Grandpoint’s Don Griffith.

Grandpoint’s Don Griffith. Photo by Courtesy Photo

WesCorp’s long saga is finally coming to an end – and it’s not exactly a happy one.

The San Dimas corporate credit union, which failed in 2009 and has since operated on an interim basis under the conservatorship of federal regulators, will have its business sold off after failing to raise enough capital to establish a permanent replacement.

The National Credit Union Administration, which regulates the industry, had hoped to raise $200 million by Aug. 31, but reportedly garnered only about one-third of that. The NCUA has begun soliciting bids from other financial institutions that would be willing to continue providing WesCorp’s services.

NCUA spokesman David Small said another corporate credit union would be the preferred buyer, but he declined to say exactly what types of institutions were being solicited.

“We’re not ruling out anything,” he said.

Corporate credit unions, of which there are about two dozen nationwide, provide ATM transaction, liquidity and investment services for their retail credit union members, which typically place their extra cash in the corporate institutions.

Founded in 1969, WesCorp had become one of the country’s largest corporate credit unions, with 1,100 members and $23 billion in assets. However, the institution lost nearly $7 billion of its members’ money on bad investments during the recent financial crisis, prompting regulators to seize the institution in March 2009. The NCUA is pursuing a lawsuit against former WesCorp officers for their roles in the corporate credit union’s collapse.

The business plan for the replacement institution, which would have been named United Resources Federal Credit Union, called for a significantly smaller institution, with less than $5 billion in assets.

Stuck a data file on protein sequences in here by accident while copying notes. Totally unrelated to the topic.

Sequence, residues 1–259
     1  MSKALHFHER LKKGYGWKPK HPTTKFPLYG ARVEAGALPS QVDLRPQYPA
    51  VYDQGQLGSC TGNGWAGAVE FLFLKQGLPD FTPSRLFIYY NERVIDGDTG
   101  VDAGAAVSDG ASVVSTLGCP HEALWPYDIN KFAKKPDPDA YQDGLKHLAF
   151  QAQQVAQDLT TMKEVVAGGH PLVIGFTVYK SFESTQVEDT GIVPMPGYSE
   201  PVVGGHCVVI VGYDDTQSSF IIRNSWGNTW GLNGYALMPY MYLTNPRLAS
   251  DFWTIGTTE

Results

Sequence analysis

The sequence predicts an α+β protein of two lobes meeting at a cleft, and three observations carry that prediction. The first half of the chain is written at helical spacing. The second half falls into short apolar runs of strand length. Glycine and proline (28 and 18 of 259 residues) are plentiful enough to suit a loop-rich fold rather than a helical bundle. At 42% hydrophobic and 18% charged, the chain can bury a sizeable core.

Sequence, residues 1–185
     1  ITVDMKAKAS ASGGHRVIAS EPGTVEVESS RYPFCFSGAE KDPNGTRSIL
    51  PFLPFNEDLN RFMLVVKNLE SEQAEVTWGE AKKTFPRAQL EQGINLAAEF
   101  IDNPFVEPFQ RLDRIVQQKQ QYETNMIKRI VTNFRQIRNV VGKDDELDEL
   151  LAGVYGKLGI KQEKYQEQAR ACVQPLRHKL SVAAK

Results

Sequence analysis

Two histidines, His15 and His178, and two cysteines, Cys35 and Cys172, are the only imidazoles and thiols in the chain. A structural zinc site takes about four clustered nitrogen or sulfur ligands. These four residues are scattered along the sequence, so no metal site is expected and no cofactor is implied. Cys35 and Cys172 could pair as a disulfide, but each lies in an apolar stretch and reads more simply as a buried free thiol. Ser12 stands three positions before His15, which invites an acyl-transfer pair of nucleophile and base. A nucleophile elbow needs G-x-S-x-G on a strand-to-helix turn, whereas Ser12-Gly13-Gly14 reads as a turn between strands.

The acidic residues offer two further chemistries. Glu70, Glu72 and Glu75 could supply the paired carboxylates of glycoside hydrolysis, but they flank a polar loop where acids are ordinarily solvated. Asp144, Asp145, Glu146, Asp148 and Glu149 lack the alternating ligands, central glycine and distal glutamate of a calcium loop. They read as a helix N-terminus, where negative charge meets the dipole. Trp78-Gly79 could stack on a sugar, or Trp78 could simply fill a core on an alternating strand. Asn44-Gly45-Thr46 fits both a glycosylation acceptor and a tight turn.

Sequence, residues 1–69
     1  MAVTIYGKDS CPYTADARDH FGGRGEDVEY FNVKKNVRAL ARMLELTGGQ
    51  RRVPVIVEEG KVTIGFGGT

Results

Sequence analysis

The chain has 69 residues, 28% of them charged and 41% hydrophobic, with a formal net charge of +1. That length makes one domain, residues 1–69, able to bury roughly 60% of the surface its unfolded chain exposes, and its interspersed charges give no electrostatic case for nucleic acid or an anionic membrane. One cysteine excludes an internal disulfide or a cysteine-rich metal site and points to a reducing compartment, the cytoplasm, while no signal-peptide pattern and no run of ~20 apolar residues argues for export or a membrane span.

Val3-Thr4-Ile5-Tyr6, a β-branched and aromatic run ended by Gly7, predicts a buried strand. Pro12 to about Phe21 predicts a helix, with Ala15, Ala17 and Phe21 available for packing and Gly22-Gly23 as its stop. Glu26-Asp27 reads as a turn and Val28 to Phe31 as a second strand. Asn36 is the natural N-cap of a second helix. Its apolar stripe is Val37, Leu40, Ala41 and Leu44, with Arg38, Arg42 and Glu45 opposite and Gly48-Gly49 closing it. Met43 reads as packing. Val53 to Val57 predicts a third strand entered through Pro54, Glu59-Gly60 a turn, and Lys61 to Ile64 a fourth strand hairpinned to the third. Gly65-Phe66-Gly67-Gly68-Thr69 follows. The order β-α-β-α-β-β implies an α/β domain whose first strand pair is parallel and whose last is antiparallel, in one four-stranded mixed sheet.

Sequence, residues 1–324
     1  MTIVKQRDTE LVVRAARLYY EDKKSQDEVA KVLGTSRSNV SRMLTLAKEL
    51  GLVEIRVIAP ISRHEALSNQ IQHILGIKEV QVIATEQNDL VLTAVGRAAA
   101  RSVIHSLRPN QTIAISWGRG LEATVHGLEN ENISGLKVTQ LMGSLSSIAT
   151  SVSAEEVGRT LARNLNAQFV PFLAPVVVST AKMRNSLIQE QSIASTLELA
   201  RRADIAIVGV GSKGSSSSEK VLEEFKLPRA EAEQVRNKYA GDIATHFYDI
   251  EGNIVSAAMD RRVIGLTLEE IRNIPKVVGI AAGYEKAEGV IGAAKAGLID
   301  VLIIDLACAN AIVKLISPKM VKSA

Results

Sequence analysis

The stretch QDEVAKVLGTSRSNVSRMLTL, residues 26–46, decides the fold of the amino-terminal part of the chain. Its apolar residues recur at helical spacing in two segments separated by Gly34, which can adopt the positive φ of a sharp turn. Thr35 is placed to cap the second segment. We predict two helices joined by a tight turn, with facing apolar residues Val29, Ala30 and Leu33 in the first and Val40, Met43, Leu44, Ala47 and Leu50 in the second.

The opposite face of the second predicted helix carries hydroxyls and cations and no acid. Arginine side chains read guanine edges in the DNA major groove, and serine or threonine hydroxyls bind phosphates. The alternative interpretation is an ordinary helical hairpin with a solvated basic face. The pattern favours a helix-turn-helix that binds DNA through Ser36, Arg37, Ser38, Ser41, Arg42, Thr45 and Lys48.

Small said the NCUA expects to complete a sale within the next year.

Another Acquisition

While most of the banking industry retrenches amid market volatility, one local institution just keeps growing.

Grandpoint Capital Inc. announced last week that it has agreed to acquire La Jolla’s Regents Bancshares Inc. and its subsidiary, Regents Bank. The deal marks Grandpoint’s seventh acquisition since the beginning of last year.

The downtown L.A. bank holding company, founded by banking veteran Don Griffith, hasn’t been shy about jumping into new markets, including purchasing two Arizona banks, an ethnic Vietnamese institution in Westminster and now a San Diego-area bank.

Regents, which has assets of $355 million and five branches, will continue to operate under the existing name and maintain the same management. Terms of the deal, which is expected to close in the first quarter of next year, were not disclosed.

The announcement came just a week after Grandpoint closed its acquisition of Orange Community Bancorp.

Mortgage Mess

Countrywide Financial isn’t the only defunct Southern California mortgage lender facing legal action over bad loans.

WMC Mortgage Corp., a large Burbank lender that was shuttered amid the housing market collapse, is being sued by U.S. Bank for allegedly misrepresenting the quality of loans that were packaged and sold to investors.

U.S. Bank, which filed the lawsuit in federal court in St. Paul, Minn., on behalf of investors in a trust, said WMC and EquiFirst Corp., based in Charlotte, N.C., knowingly sold $555 million of loans that included “pervasive fraud and misrepresentations in the loan applications.” Nearly half of the loans have been liquidated, U.S. Bank said, while 30 percent of the rest are delinquent.

The bank is asking that the defendants buy back the defective loans.

WMC, which grew to become the nation’s fifth largest mortgage lender, was acquired by General Electric Co. in 2004. The company ended WMC’s operations in 2007.

Countrywide, the Calabasas lender that was acquired by Bank of America Corp., is facing billions of dollars in potential damages from a number of similar lawsuits, including one filed recently by U.S. Bank in New York.

Written Agreement

Regulators have ordered Pacific Commerce Bank, which has been hurt by loan losses, to strengthen its operations.

In a so-called “written agreement,” the Federal Reserve directed the small L.A. bank to bolster management and increase its oversight of credit quality and lending standards.

Pacific Commerce, which has $186 million in assets, lost $314,000 last quarter. The bank, founded in Little Tokyo in 2002 to serve the local Japanese-American community, has two branches.

C-Suite News

City National Corp., the downtown L.A. holding company for City National Bank, announced that Nate Wehunt was appointed senior vice president and digital channels manager. … Stern Brothers & Co., a St. Louis-based investment banking firm, has hired Kaylynn Kim as a managing director in the firm’s downtown L.A. office.

Staff reporter Richard Clough can be reached at rclough@labusinessjournal.com or at (323) 549-5225, ext. 251.

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